• Domhuaille MacMathghamhna

    Excellent response Walter and here are a few suggestions based on statistical theory that might augment your research:

    1)Can you have someone help you define the margin of error on the scores? The higher the margin of error the less reliable the score is.

    2)Can you find a statistician to help you identify the reliability and validity of your reports? this is far more complicated but can be done. It would show that not only do your results remain within the margin of error but that they can be repeated and still come up with the same results.

    The idea of finding a control group would also be very useful. It could be the Championship or maybe another professional League in Europe. Saying this I realize that your resources and time are very limited already but I am putting this out to all UA readers and bloggers. Maybe a few will step up and help out. My skills are not up to it nor do I have the possibility of watching matches regularly but I would be willing to do what I could to help out as well.

  • Chris

    Guys, big fan of your reviews. However, if you want to see whether you reviews are unbiased, why not get an independent referee to review a random sample of your decisions, say 25, and see whether they agree with you. Might be best to focus on only Arsenal games as these would be likely the ones most open to bias (although you could argue that Tottenham games carry a similar level of partiality).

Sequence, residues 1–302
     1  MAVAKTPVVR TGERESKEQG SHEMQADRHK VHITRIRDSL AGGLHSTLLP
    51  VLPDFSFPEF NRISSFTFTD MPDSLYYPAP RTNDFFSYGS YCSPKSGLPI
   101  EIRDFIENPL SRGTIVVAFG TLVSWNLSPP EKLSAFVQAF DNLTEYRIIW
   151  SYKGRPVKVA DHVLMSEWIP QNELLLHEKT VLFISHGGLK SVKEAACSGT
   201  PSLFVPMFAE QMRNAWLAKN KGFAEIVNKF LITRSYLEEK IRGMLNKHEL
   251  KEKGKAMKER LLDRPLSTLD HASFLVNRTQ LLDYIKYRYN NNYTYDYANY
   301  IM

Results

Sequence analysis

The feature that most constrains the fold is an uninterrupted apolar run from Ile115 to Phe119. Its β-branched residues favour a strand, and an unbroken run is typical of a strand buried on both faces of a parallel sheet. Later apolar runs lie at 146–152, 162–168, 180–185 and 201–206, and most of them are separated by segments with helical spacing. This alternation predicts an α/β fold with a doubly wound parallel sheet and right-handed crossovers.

Also I noted that the BBC ran an article on your work a while back, any plans to try and get a summaried version of your findings put into an article?

  • Chris

    Also, Walter, is it possible to work out the bias number that proves to within 95%% certainty that their is bias in the results? (assuming all the reviews are correct).

    i.e. if you flip a coin 1000 times, you don’t expect to get 500 heads and 500 tails, but if you get 800 heads, it’s highly probable that the coin isn’t evenly weighted.

    So over 38 games, you wouldn’t expect a bias number of zero, but what is the level where there is less than a 5% chance of delivering the result with unbiased refs.

  • WalterBroeckx

    Chris,
    the person who wrote the article based on Untold referee previews and reviews doesn’t work for the BBC any more but he now works for CNN

  • WalterBroeckx

    Of course getting us mentioned on CNN… mmmm would that be bigger than the BBC ? 😉

  • bob

    Chris, Walter,
    Having an independent referee do an analysis of a random sample means that the sample should be random. If someone going in knows that all of the sample are Arsenal matches, then it would contribute something of bias either way (or so it could be argued). Perhaps the members of the sample could be chosen by a draw from numbered papers, each number linked to a particular match. Those 25 or whatever would be the random sample and the referee (someone truly above and beyond reproach from perhaps not the EPL) would set to it.